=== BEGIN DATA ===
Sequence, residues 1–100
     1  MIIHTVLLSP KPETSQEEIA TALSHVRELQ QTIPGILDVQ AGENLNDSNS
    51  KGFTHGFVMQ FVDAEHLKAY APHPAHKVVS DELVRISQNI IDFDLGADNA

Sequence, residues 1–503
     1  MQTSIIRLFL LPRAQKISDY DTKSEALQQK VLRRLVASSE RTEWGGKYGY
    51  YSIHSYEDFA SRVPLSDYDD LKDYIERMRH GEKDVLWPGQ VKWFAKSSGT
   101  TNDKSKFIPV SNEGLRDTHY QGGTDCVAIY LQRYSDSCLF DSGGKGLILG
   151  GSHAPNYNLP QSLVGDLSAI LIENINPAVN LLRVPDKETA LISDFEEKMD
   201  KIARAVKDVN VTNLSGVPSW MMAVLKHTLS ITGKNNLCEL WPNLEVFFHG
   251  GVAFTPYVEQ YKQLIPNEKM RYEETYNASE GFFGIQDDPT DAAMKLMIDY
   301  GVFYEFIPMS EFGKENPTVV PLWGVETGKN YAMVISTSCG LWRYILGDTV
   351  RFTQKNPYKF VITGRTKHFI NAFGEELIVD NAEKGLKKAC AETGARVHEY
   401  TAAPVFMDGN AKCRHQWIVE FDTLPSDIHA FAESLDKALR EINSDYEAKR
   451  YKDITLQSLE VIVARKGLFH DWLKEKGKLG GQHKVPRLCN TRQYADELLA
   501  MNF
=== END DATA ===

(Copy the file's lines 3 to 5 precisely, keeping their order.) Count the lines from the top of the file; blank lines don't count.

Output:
    51  KGFTHGFVMQ FVDAEHLKAY APHPAHKVVS DELVRISQNI IDFDLGADNA

Sequence, residues 1–503
     1  MQTSIIRLFL LPRAQKISDY DTKSEALQQK VLRRLVASSE RTEWGGKYGY